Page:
Good luck, I hope it works out well for you and your student.
I've had aides throughout this past school year, also. However, I teach middle school so the aides weren't with me the entire day, they moved with their student when the bell rang.
I agree with the PP in providing a comfortable place to sit, a few kind, passing comments....and then just get on with what you would normally do!
I, also, was somewhat nervous when I realized there would be "adults" in my classroom most of the day, but I came to really like it!
I have had aides a number of times in my classroom. It has worked out pretty much like all the other posters have said. I always have a place for the aide to sit by the child they are assigned. Depending on the situation, I place the child first. Sometimes that means they sit at the table with the other children, sometimes they have a desk apart. It's funny, the other children always accept the aide as part of the class, and will tell others things like, "you can't sit there, that's Mrs. Donna's seat" like she's one of them. Our aides are wonderful (right now), but I have had the occasional "contrary" one. Since our aides are for special ed. kids, the special ed. teacher is who the aides "answer to". So if I have a problem, I talk to the sped. teacher first to try and work it out.
I know it can be intimidating to have other adults in your classroom, at first. But we are so used to it in my school, that I would feel odd if someone wasn't coming in and out all day.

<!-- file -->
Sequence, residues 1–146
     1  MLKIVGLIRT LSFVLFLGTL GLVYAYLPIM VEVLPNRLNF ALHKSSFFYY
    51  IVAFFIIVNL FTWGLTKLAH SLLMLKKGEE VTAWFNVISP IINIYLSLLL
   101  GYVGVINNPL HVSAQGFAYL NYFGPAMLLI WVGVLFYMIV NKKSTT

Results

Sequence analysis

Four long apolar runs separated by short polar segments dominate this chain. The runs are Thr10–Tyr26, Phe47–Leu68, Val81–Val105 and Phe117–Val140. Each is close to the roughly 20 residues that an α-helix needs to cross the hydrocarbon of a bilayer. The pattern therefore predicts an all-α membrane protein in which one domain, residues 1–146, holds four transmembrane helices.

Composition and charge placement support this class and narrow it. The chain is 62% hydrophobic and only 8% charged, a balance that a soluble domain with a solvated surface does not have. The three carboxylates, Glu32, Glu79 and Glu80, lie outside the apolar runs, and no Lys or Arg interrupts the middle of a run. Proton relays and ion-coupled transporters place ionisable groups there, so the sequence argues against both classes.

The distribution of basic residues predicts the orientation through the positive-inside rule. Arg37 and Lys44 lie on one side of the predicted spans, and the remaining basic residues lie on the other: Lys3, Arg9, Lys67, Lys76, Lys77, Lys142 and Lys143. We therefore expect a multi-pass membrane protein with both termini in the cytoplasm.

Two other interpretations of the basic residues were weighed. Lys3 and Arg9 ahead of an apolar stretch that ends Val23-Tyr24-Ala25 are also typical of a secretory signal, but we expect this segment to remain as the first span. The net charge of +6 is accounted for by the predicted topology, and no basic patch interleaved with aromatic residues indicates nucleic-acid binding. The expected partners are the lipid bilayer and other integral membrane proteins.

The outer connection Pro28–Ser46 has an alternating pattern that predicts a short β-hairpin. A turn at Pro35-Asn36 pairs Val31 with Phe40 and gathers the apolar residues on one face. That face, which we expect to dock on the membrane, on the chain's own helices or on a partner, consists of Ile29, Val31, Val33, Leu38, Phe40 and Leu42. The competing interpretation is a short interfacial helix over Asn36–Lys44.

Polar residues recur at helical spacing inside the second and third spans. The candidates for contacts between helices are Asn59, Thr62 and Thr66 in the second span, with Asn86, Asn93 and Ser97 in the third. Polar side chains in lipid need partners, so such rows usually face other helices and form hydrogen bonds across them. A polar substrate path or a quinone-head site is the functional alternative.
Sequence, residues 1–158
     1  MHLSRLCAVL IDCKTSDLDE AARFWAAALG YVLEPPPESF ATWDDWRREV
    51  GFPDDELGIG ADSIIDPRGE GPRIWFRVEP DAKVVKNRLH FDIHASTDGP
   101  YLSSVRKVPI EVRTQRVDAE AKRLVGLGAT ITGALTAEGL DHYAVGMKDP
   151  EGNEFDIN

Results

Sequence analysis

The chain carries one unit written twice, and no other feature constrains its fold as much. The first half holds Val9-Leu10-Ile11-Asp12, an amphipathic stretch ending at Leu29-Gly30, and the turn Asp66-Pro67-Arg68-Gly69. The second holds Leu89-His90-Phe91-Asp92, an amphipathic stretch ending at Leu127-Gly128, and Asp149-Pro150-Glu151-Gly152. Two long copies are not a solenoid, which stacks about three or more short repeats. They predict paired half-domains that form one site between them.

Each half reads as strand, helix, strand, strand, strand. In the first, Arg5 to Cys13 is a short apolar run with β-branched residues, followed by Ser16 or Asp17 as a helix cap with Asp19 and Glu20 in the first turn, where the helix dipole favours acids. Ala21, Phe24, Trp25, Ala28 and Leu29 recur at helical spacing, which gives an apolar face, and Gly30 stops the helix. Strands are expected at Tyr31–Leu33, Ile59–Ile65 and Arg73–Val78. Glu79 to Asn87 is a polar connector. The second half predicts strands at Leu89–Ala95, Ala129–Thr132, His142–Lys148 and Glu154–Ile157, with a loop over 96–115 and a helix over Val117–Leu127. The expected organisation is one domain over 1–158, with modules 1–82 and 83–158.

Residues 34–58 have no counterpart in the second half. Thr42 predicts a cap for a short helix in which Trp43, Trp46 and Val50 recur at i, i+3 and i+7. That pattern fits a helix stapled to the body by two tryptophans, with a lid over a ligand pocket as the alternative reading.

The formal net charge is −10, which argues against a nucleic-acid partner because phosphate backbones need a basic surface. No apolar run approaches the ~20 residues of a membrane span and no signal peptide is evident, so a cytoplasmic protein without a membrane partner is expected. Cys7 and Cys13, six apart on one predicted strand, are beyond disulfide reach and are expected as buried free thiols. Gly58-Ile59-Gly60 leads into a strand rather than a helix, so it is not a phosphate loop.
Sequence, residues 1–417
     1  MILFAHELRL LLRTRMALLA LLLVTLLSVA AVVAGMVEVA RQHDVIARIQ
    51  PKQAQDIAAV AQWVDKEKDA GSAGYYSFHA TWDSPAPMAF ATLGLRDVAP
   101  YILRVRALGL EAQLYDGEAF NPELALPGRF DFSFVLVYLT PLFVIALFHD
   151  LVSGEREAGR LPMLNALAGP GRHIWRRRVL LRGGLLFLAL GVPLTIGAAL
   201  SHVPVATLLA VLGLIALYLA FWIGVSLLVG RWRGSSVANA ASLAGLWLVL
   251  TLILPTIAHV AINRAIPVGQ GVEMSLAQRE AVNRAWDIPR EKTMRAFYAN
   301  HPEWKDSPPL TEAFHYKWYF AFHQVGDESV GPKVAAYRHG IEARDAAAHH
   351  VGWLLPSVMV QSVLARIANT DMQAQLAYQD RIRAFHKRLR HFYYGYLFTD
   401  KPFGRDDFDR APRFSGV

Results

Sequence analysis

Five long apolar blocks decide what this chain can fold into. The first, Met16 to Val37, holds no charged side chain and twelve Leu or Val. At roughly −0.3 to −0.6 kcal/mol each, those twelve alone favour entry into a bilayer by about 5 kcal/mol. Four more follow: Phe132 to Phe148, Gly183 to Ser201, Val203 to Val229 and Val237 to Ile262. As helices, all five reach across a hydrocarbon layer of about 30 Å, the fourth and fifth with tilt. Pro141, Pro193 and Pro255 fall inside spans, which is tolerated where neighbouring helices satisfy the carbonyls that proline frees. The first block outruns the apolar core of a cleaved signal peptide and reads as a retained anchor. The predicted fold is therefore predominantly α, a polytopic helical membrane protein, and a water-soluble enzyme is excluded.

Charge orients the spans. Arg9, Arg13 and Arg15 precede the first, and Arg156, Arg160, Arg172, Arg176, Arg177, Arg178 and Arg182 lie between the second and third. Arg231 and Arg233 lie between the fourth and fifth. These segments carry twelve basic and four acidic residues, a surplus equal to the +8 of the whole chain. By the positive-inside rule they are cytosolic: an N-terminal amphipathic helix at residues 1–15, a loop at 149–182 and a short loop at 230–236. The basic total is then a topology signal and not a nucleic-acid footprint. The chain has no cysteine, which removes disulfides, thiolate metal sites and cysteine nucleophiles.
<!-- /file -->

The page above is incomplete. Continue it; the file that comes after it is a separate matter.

I had an Aide one year but she did not stay the entire time. The child was pulled out for some math and language arts, and then teh Aide came in for the remainder of LA time and SS time so he could be included. She was great, though. She would help him with whatever he needed, and during Social Studies time, she would pull a small group of other Sped kids (I was the designated Sped room that year, so if they had an IEP, they were in my room) and read the textbook with them. They loved it. She would always make sure to pull one or two of the other students in too so no one felt left out.
I would give her a comfortable place to sit, and if she is there before school starts, invite her to eat lunch with you so that you two can get to know each other. This way you can find out exactly what she will be doing for this child, and what her expectation are of being in your class.
I agree with others that what may seem intimidating at first, may turn out to be a welcome routine once procedures are established. One problem sometimes is finding time to communicate with one another during your busy day. You may want to try a communication journal of some kind (composition book?) where you can jot notes back and forth to one another. You can note observations, ask questions, give compliments, address problems, if time does not permit you to deal with them during classtime.